Mr. ALEXANDER. The water pollution control program, of course, is one program separate and distinct from the HUD program and provides for treatment facilities, the treatment plant and the major interceptors and outfalls, but the major cost in providing sewage treatment to the home is the lateral system and leads to the property line or to the home. These are the expensive programs, and this mention to me having spent $18 billion over the past year or so is a combination of all of these programs, and this program that we are talking about here is the lateral system that runs from $300 to $372 a year on a time-pay plan, as I pointed out in the testimony, or $3,600 to $5,200 total cost for the lateral system. These are very expensive.
The CHAIRMAN. You may expand on your testimony when you look over your record for its approval.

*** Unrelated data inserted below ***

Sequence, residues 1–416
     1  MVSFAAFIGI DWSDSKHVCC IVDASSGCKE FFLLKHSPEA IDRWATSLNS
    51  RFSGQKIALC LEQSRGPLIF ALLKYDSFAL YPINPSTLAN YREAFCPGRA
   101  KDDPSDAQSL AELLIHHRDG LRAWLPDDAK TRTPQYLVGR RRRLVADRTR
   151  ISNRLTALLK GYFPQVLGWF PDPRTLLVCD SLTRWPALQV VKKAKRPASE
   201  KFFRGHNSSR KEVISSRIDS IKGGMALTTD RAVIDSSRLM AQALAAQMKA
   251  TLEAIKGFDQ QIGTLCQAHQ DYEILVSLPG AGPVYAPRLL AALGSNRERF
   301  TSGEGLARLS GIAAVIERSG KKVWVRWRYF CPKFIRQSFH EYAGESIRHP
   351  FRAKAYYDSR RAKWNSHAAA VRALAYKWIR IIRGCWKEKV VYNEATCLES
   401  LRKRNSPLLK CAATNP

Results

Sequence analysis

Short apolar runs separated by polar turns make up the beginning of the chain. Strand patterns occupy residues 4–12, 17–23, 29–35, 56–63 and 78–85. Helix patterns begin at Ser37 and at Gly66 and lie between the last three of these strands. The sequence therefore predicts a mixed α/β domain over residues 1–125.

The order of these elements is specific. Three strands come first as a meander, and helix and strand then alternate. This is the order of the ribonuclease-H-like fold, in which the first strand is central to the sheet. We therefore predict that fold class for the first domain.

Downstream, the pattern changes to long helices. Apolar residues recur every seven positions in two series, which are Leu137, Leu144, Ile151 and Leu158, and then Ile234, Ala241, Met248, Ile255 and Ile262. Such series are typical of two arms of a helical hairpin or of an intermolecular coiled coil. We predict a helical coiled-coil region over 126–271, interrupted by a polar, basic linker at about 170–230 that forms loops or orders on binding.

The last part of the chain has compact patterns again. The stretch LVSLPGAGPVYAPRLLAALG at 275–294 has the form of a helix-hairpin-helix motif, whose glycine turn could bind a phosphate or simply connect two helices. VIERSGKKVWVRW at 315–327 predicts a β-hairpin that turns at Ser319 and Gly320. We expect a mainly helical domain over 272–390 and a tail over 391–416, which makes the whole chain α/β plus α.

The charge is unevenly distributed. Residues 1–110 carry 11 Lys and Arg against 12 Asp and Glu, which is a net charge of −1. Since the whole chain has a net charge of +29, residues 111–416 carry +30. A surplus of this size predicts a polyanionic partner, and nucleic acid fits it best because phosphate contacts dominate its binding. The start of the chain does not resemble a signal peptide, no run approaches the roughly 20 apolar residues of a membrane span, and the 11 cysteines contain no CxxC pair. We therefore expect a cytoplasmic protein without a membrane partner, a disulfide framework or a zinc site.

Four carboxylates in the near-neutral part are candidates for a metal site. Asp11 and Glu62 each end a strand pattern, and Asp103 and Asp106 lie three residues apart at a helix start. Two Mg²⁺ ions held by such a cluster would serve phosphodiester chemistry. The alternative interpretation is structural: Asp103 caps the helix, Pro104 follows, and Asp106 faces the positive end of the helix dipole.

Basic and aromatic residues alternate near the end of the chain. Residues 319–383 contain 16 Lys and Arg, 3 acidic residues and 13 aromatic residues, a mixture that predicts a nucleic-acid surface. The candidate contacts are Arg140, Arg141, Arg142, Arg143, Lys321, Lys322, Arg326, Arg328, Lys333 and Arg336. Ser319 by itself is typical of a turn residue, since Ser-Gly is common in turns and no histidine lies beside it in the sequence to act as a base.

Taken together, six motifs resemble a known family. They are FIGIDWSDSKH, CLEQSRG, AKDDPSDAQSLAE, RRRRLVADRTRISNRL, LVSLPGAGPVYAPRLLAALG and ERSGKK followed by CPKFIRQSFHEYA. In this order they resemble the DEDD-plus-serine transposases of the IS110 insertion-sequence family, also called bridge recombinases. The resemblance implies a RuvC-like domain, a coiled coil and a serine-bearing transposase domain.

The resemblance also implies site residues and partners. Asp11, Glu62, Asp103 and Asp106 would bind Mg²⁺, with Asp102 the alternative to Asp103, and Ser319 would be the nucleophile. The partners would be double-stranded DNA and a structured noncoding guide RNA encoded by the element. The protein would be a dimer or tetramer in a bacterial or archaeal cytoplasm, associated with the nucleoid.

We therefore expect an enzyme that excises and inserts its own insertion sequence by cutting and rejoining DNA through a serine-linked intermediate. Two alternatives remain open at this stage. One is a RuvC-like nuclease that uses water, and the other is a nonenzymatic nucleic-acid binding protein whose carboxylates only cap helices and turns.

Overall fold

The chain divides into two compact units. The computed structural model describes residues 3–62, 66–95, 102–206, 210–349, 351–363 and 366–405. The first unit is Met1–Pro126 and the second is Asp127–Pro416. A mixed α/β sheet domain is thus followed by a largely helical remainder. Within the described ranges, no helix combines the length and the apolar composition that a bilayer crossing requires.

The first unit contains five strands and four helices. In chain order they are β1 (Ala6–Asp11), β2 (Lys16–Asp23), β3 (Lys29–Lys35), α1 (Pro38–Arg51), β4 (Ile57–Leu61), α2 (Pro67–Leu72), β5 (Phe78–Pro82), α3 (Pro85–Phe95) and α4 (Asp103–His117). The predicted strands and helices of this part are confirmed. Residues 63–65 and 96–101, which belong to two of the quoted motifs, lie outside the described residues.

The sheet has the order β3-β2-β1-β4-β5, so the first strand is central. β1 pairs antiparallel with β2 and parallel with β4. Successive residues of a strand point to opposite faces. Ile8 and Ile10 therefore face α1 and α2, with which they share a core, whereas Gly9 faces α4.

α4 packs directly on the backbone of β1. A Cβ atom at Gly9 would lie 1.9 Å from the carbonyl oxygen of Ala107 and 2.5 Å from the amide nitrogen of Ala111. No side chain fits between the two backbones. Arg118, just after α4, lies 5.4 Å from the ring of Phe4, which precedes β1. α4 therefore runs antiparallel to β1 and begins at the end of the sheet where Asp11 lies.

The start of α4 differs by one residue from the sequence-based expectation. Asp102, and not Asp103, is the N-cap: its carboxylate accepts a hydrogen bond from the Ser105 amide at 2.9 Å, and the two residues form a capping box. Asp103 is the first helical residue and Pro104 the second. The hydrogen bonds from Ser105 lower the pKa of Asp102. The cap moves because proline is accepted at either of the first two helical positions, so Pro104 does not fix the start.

The next question is: Your statement says, on page 2. It is our belief that if more Federal assistance were available most local governments could double the dollar amount of applications previously submitted to HUD and thereby begin to meet the critical needs for these facilities on the local level.
Are you saying, in effect, that the need for water and sewer grants come to at least $10 billion?
Mr. ALEXANDER. Yes, sir; I have no doubt about it.
Suppose this bill is adopted by Congress and signed by the President in the next few weeks. From your own experience, how soon do you think counties and municipalities could put this money to work?
Mr. ALEXANDER. In our particular instance, and I am sure this is applicable in many areas of our State, projects could be put under construction within 60 days, many of them, and a great number within a 6-month period.
The CHAIRMAN. One other question.
In addition we have 18 projects totaling $40 million for which we did not submit applications upon the advice of HUD Regional Office. We were told that there simply were no funds for these projects and that it would not do us any good to submit applications.
Do you mean to say that with $500 million appropriated but impounded, HUD was telling you that story? Didn't
think it was untrue? Mr. ALEXANDER. I think it was true. I do not think the funds were available, and there was no use wasting our time or their time reviewing applications, or preparing and reviewing applications. The funds were not available.